Monday, September 8, 2014

A Better Paradigm for the Orthodox Community- A response to Eliyahu Fink

Before we can explain why people leave Orthodoxy, as Eliyahu Fink has attempted to do on his blog, I think we need to start off with a different series of questions.

  • Why should we care if people leave Orthodoxy?
  • What is the goal of Orthodoxy?

Although logic might dictate that the two questions be dealt with in the opposite order, due to Eliyahu’s post, I will go in the opposite order.

If Orthodoxy is merely a club or social group of some kind, those of us who are members will want people to stay for a number of possible reasons. Defections will make our social pool smaller, and possibly cause some dissonance as we wonder why people are abandoning what we find enjoyable and meaningful. If that is the main reason for concern, I am not sure why a rational person would care if people left Orthodoxy. Although we might have an emotional preference for people to like what we like and do what we do, most of us recognize that personal taste is subjective. I have yet to see a campaign to get people to like the same sports team or flavor of ice cream.

If we examine what the goal of Orthodoxy is, the first question can be answered differently. While Eliyahu comes to these questions from the world of kiruv professional (formerly) and the rabbinate, I will answer these questions as a Jewish educator.

Ultimately, Orthodoxy is about a connection with God, holiness, truth and meaning. Although different subsections of our community will approach this goal differently, the overall goal is fairly clear. If we are convinced that God speaks to us through Torah and that we are commanded to do certain things, our concern becomes religious, rather than social. Thus, while we will acknowledge that people might come to observe for all sorts of non-religious or theological reasons, the goal is ultimately theological and not social. As such, I would suggest that the kiruv/advertising approach, where everyone is beautiful, wealthy and young, is the wrong approach. Instead, we should take an educational approach. Will this lead to fewer people becoming observant? Quite possibly, but that’s not a bad thing. In sales, one can take the approach of caveat emptor, but I would hope that we are not trying to make a sale. If our goal is to get people to honestly connect with God, we need to stop doing kiruv and start educating.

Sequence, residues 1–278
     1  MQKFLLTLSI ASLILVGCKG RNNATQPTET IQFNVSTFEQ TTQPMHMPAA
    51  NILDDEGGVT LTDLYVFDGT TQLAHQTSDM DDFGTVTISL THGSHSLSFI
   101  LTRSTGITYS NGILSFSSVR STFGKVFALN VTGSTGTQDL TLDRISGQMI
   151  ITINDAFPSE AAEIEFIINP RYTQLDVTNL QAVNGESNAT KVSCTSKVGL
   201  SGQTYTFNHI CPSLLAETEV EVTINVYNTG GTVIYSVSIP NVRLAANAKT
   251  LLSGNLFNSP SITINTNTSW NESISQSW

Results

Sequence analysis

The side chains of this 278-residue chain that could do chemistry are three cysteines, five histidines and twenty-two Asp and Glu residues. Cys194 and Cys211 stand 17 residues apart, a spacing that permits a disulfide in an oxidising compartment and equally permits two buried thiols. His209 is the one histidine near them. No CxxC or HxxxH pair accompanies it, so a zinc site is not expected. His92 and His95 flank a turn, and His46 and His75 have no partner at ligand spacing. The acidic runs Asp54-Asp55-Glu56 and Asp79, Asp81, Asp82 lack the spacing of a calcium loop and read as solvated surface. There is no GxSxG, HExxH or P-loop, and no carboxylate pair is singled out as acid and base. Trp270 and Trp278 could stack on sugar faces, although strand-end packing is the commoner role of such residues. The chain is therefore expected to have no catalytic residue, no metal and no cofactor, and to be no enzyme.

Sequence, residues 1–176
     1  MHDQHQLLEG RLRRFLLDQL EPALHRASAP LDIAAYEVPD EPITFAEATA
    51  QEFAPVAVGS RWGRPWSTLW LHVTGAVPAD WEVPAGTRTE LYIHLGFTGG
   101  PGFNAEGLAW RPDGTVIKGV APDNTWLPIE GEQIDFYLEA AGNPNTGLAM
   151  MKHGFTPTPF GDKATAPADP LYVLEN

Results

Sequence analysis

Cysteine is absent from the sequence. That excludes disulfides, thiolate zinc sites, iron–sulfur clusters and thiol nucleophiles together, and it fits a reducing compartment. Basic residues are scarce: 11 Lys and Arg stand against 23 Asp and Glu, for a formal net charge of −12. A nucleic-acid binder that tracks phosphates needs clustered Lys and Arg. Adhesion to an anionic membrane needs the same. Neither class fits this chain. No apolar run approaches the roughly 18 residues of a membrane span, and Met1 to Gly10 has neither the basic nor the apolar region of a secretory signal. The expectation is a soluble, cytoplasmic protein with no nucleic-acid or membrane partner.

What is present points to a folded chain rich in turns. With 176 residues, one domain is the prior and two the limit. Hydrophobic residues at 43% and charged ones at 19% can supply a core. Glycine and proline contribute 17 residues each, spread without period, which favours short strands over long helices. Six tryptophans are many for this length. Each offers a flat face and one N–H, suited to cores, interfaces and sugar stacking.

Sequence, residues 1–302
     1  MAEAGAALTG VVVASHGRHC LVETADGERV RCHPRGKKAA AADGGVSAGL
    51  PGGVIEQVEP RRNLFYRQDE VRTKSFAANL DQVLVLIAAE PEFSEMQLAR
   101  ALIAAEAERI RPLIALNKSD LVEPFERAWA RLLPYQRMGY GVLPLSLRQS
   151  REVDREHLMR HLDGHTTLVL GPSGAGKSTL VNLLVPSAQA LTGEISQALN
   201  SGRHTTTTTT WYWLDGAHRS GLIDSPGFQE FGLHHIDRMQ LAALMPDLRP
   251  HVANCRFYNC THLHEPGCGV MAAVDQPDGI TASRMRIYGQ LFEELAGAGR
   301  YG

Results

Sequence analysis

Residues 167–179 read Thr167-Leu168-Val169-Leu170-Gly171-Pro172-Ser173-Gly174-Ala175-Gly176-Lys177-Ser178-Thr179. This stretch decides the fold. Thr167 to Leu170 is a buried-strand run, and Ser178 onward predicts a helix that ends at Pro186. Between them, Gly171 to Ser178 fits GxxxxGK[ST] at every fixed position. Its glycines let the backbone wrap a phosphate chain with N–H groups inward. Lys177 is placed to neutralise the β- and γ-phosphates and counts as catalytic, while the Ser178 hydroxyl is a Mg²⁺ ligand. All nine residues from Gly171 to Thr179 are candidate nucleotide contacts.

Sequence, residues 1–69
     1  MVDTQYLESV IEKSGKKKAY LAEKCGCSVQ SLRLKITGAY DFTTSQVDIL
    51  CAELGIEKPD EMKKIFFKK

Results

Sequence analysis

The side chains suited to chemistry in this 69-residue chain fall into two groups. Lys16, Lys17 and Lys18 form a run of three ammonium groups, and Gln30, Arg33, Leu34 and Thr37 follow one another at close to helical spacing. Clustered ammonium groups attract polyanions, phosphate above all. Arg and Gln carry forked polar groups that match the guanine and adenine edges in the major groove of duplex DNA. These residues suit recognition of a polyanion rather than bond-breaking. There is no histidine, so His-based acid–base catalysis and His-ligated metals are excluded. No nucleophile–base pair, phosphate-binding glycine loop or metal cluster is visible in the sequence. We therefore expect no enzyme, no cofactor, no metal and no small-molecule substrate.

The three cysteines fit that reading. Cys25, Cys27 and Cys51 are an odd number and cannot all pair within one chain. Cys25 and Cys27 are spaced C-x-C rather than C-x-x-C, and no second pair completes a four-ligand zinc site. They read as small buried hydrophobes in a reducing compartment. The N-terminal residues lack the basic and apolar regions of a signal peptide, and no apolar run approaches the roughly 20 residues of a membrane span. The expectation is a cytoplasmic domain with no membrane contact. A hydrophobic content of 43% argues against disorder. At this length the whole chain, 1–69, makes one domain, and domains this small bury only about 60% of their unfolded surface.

Education, as opposed to kiruv, seeks to provide knowledge and understanding. There are no hooks, no promises, and thus, fewer defections. When defections occur, it is not because we have not made religion fun enough, but rather because a different belief system has won out.

There has been a recent fascinating phenomena in the charedi community. Many, have chosen , on a social and communal level, to stay within the community, despite mentally having checked out. In some extreme cases, the disconnect between the social appearance and private behavior is quitejarring. If the goal of the community is to be able to continue to have a large team, this phenomena need not concern us. If the goal of the community is to connect to God through Torah and the mitzvos, this phenomena is quite disconcerting.

It is time for the Orthodox community to focus more on the second of my two questions. To the degree that we do so, we will recognize that the goal is not to keep people living a certain lifestyle, but to instead truthfully engage with God through his Torah. We should, of course, put our best foot forward, but never lose sight of the true goal.


  1. Well, let's go back a step: Do you think it's coincidental that in 1993, kiruv was succeeding, kids weren't going OTD in any scary numbers, we didn't have 15% of marriageable girls in a panic, ... AND Rav SZ Aurbach, R JB Soloveitchik, the Lubavitcher Rebbe (although the latter two were already ill for years by then)... in short, the prior generation of leaders was fading, but still around.

    The problem is simple: Orthodoxy ended in the early 90s, and we've been running on momentum ever since. Eventually, the bicycle slows down too much to maintain its balance. Which is what we're watching now.

  2. But the goal shouldn't be to restore Orthodoxy. Even before the gas tank started running on empty, a gap was growing between the Torah and the dominant faith of the majority of the Orthodox community. We switched from the pursuit of ehrlachkeit to chasing frumkeit, a narcissistic need to feel holy by checking all the boxes in the Shulchan Arukh.

    We need to restore a community founded on following the Torah and avodas Hashem. Whether that means redirecting Orthodoxy or replacing it has yet to be seen.

  3. Micha Berger's second comment totally wowed me. So true! Very well said!